Speak to most parents and you’ll find that they’ll say that, in certain situations, spanking your child is completely acceptable.

Outright rudeness or disrespect, anti-social behaviour, or violence toward other children are often cited as cases where a hiding is justified.

The problem is that there is mounting evidence that spanking is bad for your child. And not ‘cry-in-their-room-for-ten-minutes’ bad. We’re talking long-term psychological harm.

A new meta-analysis of child spanking studies published in the Journal of Family Psychology show a significant correlation between spanking your child and detrimental child outcomes. According to the analysis “thirteen of 17 mean effect sizes were significantly different from zero and all indicated a link between spanking and increased risk for detrimental child outcomes.”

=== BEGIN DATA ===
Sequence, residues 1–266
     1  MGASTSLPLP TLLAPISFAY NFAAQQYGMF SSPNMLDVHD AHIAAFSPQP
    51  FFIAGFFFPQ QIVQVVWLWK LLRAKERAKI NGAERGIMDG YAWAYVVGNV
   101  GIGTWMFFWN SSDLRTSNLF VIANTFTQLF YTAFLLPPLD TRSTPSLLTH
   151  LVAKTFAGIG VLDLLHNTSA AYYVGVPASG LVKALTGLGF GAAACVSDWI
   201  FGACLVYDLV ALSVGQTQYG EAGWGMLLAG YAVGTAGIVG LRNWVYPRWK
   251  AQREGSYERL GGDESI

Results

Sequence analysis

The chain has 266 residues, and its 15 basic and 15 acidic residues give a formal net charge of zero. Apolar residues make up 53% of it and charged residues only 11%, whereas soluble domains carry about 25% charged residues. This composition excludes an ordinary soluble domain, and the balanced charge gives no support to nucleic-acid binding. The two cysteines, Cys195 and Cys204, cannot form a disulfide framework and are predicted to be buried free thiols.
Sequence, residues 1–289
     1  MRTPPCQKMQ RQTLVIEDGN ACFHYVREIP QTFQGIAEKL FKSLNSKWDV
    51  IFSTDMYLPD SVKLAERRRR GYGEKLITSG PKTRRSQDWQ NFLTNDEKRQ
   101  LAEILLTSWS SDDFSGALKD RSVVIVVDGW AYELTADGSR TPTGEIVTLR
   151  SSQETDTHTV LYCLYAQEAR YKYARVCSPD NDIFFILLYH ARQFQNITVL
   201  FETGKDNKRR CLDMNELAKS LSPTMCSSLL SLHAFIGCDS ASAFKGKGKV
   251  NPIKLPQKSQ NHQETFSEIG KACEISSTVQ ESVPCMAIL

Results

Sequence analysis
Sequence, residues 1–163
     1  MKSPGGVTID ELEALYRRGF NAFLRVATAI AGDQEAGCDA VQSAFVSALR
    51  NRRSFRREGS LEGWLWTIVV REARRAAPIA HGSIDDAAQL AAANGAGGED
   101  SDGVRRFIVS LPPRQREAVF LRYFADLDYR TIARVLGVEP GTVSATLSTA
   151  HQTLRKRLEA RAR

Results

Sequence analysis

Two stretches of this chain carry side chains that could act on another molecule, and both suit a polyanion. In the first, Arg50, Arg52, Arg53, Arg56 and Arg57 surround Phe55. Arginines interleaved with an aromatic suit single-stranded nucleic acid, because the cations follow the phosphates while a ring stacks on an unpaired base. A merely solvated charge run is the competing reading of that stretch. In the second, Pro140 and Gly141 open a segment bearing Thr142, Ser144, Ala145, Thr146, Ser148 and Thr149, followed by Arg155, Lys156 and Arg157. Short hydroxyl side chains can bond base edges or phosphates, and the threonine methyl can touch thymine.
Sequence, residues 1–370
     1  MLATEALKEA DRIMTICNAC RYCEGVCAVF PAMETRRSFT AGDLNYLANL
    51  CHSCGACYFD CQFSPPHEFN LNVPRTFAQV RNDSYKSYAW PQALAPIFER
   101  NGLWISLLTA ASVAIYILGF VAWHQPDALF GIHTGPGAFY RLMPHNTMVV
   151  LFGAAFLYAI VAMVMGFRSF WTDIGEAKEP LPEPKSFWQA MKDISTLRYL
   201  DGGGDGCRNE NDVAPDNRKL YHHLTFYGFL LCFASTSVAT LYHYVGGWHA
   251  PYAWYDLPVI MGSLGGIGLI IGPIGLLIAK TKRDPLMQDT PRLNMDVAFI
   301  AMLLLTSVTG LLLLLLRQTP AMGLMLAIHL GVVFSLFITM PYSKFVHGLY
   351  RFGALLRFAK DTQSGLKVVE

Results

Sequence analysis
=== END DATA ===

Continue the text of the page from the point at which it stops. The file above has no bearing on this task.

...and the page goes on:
So rather than the age-old wisdom that spanking results in increased respect and self-discipline, the evidence seems to point toward a negative effect on a child’s psyche.

That’s not to say that you should be letting your child run feral. Instead focus on setting boundaries and enforcing them with other disciplinary measures. This approach may be more difficult than the threat of a short, sharp klap, but it looks like you’ll be doing your kid a favour in the long run.